Academic journal article Demographic Research

Circular Migration Patterns and Determinants in Nairobi Slum Settlements

Academic journal article Demographic Research

Circular Migration Patterns and Determinants in Nairobi Slum Settlements

Article excerpt

Abstract

This paper measures migration flows and determinants in two slum settlements in Nairobi City between 2003 and 2007. The results confirm the high intensity of migration with a quarter of the total slum population and a third of those aged 15-30 being renewed annually. A circular migration system is at play whereby the majority of slum dwellers are short-term migrants spending on average less than 3 years in the area. Migration is more intense during early adulthood (20-24), and despite very similar determinants across gender, mobility is more intense among women compared to men. The increasing feminization of migration is likely to change the face of slum settlements, resulting in more balanced sex ratios, in line with city-wide trends in Nairobi over the past half century. The high population turnover is due to the insecurity of livelihoods, tenure, and poor basic amenities and social services in slum settlements.

1. Introduction

During the past three decades, significant evidence has been derived concerning migrant characteristics, migration patterns, and the major causes (as well as consequences) that push or pull individuals from rural areas into cities in sub-Saharan Africa (Adepoju 1990, 1995; Oucho 1998; Oucho and Gould 1993; Potts 1995, 2000; Todaro 1969). While past research has given significant insight into migration processes among migrants living in urban areas as a whole, the specific case of migrants living in the rapidly growing urban slum settlements is poorly documented. Estimates by UN-Habitat (2003) show that in sub-Saharan Africa, about 72% of urban residents live in slums or slum-like conditions. Slum settlements are characterized by make-shift housing, congestion, high levels of unemployment, social fragmentation, high levels of migration, and poor environmental sanitation, health, security, and other social services. Despite the limited economic opportunities in most urban centres in general, and in slum settlements in particular, many migrants continue to flock there in search of jobs and other livelihood opportunities.

Although there has been growing concern among policy makers and development partners to address the appalling living conditions in the slum settlements, little is known about the general patterns of migration and what factors attract or push people out of the slum settlements. This paper takes advantage of rich longitudinal data collected under the Nairobi Urban Health and Demographic Surveillance System (NUHDSS) between 2003 and 2007 among residents of Korogocho and Viwandani slum settlements in Nairobi city in order to assess the patterns and determinants of both in and out-migration. Thus, unlike many studies that rely on proxy indicators of slum-like characteristics to estimate people living in slum settlements, our study is unique because we used data collected from actual dwellers of two slum settlements in the city. Longitudinal data are well suited for understanding demographic trends and their drivers, particularly in teasing out causal relationships between migration and other demographic parameters such as fertility and mortality (Collinson et al. 2009b; Kubaje et al. 2009; Nhacolo et al. 2009). Understanding migration patterns and dynamics of slum dwellers is also vital in determining how social and health policies should be adapted to the needs of a highly mobile population.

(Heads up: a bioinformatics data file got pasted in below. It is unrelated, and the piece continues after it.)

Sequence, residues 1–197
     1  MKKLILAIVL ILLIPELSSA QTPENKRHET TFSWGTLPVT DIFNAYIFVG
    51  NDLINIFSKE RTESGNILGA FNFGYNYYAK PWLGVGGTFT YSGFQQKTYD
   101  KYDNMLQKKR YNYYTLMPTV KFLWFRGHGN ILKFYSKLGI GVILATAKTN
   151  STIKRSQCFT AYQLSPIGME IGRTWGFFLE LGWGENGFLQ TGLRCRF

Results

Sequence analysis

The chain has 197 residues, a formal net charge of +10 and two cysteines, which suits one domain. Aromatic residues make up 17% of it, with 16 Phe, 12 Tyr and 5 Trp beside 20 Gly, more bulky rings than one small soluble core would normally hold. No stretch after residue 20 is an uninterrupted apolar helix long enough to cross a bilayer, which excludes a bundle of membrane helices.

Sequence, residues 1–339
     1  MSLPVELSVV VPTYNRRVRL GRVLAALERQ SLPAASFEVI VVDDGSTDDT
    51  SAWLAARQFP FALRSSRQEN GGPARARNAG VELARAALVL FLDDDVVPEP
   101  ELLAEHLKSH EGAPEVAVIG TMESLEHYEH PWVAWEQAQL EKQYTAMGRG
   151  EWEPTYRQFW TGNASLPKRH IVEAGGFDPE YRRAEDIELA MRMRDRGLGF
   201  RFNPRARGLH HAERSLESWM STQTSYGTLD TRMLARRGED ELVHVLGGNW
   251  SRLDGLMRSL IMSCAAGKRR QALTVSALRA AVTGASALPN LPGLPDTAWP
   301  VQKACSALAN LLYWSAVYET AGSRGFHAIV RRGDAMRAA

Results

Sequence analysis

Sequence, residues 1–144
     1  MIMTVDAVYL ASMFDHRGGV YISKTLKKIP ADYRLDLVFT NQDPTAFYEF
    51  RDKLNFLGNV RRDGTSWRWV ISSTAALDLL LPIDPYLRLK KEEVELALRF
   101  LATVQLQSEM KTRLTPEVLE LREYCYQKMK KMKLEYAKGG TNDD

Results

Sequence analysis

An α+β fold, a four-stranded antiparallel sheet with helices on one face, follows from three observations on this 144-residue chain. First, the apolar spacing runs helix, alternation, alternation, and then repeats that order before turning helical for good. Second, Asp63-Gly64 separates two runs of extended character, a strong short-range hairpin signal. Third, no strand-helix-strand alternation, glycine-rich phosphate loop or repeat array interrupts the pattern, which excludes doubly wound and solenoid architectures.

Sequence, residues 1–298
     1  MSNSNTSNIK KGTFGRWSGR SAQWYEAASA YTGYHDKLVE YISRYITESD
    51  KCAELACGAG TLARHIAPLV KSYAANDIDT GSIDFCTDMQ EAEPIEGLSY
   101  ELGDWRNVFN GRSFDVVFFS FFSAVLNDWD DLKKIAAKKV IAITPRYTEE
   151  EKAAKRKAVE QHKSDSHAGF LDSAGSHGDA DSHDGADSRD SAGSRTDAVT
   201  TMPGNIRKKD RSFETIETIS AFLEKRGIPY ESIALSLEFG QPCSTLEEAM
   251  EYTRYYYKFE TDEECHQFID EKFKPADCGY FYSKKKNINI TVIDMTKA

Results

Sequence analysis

Nairobi, Kenya's capital city, provides a good example of the massive development challenge that rapidly growing African cities are facing. Despite the decline in employment opportunities associated with the economic downturn in Kenya from the 1980s, Nairobi has remained an attractive destination for many migrants as the major labour market in Kenya. Nairobi's population grew at a constant rate of about 5% per year between 1969 and 1999. About 80% of Nairobi residents aged 25-59 are migrants and half of them came to Nairobi between 17 and 23 years of age (Bocquier et al. …

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